ST. LOUIS -- A $400 million expansion planned for the Monsanto Co.’s research center in suburban St. Louis could bring 675 new jobs to the region during the next three years, the company said Tuesday.
The agricultural products company said it will add 36 new greenhouses, offices, laboratory space and “plant growth chambers,” which can be programmed to represent any climate around the world. Monsanto plans to build more at its Chesterfield Research Center. Construction is expected to start in August and be completed by 2017, the company said.
Monsanto officials joined Missouri Gov. Jay Nixon Tuesday in making the announcement at the International Bio Convention in Chicago.
The company could receive more than $31 million of state incentives for the expansion if it creates the estimated 675 jobs, the Department of Economic Development said.
“This planned expansion will ensure that our researchers have the facilities they need to discover and develop the next generation of agricultural products,” Jerry Steiner, Monsanto’s executive vice president for sustainability and corporate affairs said in a news release. “Through this research we can provide valuable tools for farmers who want multiple options that deliver yield sustainability.”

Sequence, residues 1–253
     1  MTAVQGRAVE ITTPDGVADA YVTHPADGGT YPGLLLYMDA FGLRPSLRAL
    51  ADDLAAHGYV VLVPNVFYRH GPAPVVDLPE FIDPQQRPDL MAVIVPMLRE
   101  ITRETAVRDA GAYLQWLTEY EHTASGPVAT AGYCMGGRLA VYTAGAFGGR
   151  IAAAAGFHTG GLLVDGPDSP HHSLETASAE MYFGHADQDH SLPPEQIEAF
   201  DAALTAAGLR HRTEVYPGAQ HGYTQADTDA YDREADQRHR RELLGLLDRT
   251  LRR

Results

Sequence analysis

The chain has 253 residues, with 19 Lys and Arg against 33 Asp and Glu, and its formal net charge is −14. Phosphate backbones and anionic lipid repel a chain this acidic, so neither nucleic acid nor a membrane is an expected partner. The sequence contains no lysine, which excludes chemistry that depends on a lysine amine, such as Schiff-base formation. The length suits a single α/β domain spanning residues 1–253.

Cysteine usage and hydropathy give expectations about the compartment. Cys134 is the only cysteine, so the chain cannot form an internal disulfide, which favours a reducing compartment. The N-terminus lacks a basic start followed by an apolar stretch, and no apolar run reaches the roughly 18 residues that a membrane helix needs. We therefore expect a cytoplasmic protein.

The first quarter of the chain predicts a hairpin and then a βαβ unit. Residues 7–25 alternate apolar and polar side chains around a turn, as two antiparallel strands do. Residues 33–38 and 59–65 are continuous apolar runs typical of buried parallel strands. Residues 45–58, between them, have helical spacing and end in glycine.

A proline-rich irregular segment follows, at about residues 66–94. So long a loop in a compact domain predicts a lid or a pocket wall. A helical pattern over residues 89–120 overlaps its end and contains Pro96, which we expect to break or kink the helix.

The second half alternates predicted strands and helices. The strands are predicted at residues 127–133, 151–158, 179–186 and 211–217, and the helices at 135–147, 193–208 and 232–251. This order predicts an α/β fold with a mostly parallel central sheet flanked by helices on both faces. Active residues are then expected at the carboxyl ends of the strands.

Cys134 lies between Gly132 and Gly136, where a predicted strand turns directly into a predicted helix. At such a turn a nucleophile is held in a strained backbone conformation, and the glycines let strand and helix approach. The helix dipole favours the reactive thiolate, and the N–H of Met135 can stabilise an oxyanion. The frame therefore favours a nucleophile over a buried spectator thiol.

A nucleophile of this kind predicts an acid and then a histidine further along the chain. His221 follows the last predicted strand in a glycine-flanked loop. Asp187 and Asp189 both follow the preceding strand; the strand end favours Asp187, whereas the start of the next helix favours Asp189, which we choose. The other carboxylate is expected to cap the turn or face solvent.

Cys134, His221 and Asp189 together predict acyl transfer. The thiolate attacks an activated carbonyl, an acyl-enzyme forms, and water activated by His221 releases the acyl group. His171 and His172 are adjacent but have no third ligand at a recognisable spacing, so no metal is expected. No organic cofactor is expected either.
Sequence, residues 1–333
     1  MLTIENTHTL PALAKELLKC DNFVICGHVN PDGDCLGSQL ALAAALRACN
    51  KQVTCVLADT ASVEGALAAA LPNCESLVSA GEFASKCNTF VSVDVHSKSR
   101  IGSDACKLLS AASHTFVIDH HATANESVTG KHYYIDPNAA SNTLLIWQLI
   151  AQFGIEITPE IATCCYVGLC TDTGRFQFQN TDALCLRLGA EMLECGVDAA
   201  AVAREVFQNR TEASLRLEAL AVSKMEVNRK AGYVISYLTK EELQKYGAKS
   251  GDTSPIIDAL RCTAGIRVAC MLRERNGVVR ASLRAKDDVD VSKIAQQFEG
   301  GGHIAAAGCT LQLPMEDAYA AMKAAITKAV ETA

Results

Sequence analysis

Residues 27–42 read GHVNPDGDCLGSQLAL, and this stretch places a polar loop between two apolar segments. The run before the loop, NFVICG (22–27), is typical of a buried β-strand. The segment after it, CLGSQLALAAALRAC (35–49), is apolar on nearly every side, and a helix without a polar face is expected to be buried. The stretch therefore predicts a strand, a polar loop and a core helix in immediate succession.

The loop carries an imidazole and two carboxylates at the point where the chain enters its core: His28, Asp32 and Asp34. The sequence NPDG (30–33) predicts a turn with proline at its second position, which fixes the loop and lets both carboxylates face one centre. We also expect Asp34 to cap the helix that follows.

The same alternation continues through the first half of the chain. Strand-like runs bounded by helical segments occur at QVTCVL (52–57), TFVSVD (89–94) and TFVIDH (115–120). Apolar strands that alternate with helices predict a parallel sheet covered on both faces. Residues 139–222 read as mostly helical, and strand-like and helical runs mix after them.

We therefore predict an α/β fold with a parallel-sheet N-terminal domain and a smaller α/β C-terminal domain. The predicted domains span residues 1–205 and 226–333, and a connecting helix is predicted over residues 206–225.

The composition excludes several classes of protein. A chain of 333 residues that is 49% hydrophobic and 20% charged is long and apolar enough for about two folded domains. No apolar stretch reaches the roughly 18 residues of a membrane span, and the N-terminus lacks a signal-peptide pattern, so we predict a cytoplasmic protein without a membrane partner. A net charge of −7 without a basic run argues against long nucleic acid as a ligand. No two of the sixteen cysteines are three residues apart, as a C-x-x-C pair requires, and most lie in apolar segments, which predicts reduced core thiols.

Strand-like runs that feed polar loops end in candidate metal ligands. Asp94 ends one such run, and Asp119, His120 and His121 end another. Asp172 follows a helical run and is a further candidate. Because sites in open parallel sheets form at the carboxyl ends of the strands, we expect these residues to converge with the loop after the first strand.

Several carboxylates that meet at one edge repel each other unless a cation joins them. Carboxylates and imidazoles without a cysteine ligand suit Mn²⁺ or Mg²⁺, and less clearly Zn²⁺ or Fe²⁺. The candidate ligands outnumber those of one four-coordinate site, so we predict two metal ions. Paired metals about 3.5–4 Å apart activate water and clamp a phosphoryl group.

Monsanto already has about 1,000 employees, two acres of greenhouses, about 250 laboratories and 122 plant growth chambers at the Chesterfield site. It has a total of about 4,500 employees in Creve Coeur and Chesterfield.
The potential state incentives include $21.6 million through the Missouri Quality Jobs program, which rewards businesses that add jobs with above average wages and health benefits, and $9.5 million through the Missouri Business Use Incentives for Large-Scale Development program, which helps finance infrastructure and equipment costs for big business expansions.
“In Missouri, we take great pride in our state’s status as a leader in the biotechnology industry, and Monsanto’s $400 million expansion in St. Louis will accelerate our state’s continued growth in this area,” Nixon said in a news release. “One of the fastest-growing sectors of Missouri’s economy is in science and technology, and I remain committed to embracing these industries to transform our economy and create next-generation jobs.”
The St Louis County Economic Council is putting the finishing touches on an offer that would give Monsanto real and personal property tax abatements of 50% over ten years. President and CEO of the St. Louis County Economic Council Denny Coleman says the agency plans to send the details of the offer to County Executive Charlie Dooley to introduce the proposal to the St Louis County Council - which would have to sign off on any tax abatements.